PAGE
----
My grandmother told me about Maria so-and-so who ran away with another man. I see this woman dashing through the hallways of my mind to her bedroom in the middle of the night. She heaves a heavy leather suitcase onto her bed. I hear the click, click of metal latches popping and a musty, moth-ball scent dampens the air as she spreads the suitcase open, wide as her future. She folds her favorite skirts and cardigans, throws in a few neckerchiefs, pearls for luck, and of course, her sexiest stockings. I imagine she stands in the doorway of her daughter’s bedroom, blows her one last kiss from red lips and a gloved hand and then waits by the window in the parlor. He pulls up in a 1941 Pontiac Torpedo, hits a horn that actually sounds like “honk, honk,” and she scurries down the porch steps— grin wide as an ocean—slides into the seat, snuggles up. He directs her to a folded map in the glovebox, says, where to, doll face? She cannot contain the chirping birds in her chest at this point and frees them until they dive into vicious giggles in her throat. At the first stop sign, the map commandeers the entire front half of the car— from her lap to the dashboard. There is no satellite guiding them, only roads colored red like the veins weaving through her legs. Bing Crosby sings Don’t Fence Me In on the radio as they cruise along avenues at a comfortable speed, no seatbelt required. In fact, the car lacks seatbelts altogether. There is nothing holding them in place now, no cell phoned voices to answer to. There will be no ugly custody battle, financial struggles, child therapy sessions, or anti-depressants. There will be only a lacquered wood steering wheel and a smell of chemistry lab wafting through chrome vents as he drives her to a new home.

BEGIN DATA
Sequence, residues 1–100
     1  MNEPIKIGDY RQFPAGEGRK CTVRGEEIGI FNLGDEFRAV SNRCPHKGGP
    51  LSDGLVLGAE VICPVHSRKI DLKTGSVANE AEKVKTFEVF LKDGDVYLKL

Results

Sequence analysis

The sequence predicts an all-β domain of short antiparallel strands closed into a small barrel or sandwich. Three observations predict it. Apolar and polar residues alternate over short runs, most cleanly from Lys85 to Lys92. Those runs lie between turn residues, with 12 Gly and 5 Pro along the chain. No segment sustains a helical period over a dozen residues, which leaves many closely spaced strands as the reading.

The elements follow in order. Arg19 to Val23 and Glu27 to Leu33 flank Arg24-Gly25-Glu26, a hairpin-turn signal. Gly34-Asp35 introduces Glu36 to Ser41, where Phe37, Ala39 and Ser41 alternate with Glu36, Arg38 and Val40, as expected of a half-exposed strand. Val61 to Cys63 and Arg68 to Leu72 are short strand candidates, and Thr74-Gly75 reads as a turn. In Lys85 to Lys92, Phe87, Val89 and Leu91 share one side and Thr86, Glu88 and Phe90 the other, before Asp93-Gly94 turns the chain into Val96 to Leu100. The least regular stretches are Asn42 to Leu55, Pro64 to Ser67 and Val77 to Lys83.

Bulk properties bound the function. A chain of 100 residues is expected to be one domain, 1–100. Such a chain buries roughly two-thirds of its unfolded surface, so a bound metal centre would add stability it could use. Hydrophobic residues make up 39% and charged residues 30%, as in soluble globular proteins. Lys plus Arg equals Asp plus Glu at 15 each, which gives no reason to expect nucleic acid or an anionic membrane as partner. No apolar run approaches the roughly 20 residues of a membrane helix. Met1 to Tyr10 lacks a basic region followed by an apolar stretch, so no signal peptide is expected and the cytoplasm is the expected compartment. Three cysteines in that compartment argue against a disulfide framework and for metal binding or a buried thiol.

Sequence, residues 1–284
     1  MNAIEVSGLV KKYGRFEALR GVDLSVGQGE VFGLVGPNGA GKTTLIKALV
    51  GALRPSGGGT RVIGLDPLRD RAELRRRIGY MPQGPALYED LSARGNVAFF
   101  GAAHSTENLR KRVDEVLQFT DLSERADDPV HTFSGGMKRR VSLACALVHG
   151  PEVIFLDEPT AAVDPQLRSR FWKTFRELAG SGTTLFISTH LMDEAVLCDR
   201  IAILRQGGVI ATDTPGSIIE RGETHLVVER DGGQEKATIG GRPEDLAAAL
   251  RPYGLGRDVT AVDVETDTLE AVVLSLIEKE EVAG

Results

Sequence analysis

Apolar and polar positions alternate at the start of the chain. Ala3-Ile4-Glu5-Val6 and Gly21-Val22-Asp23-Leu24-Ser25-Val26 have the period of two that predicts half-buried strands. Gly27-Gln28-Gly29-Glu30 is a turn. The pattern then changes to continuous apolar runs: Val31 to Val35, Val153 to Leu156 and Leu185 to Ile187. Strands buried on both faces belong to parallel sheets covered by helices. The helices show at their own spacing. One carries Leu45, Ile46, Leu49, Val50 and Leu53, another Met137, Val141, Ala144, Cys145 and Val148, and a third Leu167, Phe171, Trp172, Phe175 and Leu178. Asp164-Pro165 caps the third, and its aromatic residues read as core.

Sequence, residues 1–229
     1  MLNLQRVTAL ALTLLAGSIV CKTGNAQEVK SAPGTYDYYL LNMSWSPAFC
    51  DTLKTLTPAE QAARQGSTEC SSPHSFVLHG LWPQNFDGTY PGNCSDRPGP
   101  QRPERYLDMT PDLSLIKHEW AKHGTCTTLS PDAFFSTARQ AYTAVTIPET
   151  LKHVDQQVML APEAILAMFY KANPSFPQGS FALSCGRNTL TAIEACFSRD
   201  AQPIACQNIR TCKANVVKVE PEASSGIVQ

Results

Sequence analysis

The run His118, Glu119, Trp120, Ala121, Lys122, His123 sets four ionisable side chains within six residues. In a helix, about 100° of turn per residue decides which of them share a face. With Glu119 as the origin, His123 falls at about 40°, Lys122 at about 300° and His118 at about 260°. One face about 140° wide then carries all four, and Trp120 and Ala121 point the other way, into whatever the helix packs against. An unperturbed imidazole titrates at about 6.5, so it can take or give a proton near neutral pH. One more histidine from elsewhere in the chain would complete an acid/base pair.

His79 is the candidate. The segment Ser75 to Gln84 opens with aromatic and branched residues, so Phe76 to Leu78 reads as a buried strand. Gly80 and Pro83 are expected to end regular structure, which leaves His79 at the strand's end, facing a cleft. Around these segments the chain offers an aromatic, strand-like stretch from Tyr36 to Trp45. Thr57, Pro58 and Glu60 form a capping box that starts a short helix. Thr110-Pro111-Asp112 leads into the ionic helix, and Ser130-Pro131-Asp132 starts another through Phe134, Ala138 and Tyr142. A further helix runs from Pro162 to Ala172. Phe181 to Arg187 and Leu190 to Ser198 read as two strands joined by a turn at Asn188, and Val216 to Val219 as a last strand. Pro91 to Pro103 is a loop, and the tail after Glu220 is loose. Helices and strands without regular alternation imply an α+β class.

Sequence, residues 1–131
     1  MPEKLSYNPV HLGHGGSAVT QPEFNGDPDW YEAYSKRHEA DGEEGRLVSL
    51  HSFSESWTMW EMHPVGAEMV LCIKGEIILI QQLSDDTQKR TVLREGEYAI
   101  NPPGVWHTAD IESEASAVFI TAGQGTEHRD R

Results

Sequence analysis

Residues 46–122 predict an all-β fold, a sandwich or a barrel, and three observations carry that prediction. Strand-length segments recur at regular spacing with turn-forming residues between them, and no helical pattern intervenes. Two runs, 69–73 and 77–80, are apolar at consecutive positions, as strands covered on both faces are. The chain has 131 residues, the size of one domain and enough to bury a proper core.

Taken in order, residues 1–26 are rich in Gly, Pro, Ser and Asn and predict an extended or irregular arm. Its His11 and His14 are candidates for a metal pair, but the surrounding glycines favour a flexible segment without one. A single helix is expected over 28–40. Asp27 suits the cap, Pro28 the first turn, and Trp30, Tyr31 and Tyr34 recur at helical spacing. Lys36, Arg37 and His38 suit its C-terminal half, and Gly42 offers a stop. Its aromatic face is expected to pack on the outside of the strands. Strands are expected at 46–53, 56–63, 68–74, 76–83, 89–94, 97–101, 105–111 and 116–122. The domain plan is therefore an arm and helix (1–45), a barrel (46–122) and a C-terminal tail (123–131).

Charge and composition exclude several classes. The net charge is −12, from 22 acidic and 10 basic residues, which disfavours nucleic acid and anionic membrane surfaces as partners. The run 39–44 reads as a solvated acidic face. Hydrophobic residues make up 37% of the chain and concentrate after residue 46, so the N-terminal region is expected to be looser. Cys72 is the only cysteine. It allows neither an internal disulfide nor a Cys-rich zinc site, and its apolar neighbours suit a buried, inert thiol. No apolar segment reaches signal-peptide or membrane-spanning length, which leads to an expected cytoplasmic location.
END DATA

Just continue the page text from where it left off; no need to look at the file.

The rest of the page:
Brenda Nicholas is an Associate Professor of English at Temple College in Texas. Her work has appeared in Sand Hills Literary Magazine, Evening Street Review, Conneticut River Review, Unbroken, The Painted Bride Quarterly, The Ekphrastic Review, Menacing Hedge, The Helix Magazine, and other literary journals. Her chapbook, Hari Om, Hurry Home is available at Finishing Line Press & Amazon. Her full-length manuscript was selected as a semifinalist in the 2020 Philip Levine Book Prize and is forthcoming at Kelsay Books. Website: https://www.brendanicholas.net